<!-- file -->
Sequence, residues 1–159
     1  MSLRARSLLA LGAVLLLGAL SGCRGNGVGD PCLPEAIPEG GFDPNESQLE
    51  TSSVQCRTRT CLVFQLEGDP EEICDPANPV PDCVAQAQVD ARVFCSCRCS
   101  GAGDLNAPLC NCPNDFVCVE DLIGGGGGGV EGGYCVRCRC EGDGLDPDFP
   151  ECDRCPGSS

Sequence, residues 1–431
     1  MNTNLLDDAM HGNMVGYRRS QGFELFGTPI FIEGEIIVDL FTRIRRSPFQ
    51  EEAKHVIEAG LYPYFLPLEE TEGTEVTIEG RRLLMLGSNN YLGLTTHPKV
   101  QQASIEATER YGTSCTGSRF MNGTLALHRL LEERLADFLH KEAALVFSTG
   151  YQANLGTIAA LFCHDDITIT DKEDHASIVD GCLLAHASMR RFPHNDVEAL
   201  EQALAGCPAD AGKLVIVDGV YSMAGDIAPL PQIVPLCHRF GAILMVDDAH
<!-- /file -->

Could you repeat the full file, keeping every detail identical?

Sequence, residues 1–159
     1  MSLRARSLLA LGAVLLLGAL SGCRGNGVGD PCLPEAIPEG GFDPNESQLE
    51  TSSVQCRTRT CLVFQLEGDP EEICDPANPV PDCVAQAQVD ARVFCSCRCS
   101  GAGDLNAPLC NCPNDFVCVE DLIGGGGGGV EGGYCVRCRC EGDGLDPDFP
   151  ECDRCPGSS

Sequence, residues 1–431
     1  MNTNLLDDAM HGNMVGYRRS QGFELFGTPI FIEGEIIVDL FTRIRRSPFQ
    51  EEAKHVIEAG LYPYFLPLEE TEGTEVTIEG RRLLMLGSNN YLGLTTHPKV
   101  QQASIEATER YGTSCTGSRF MNGTLALHRL LEERLADFLH KEAALVFSTG
   151  YQANLGTIAA LFCHDDITIT DKEDHASIVD GCLLAHASMR RFPHNDVEAL
   201  EQALAGCPAD AGKLVIVDGV YSMAGDIAPL PQIVPLCHRF GAILMVDDAH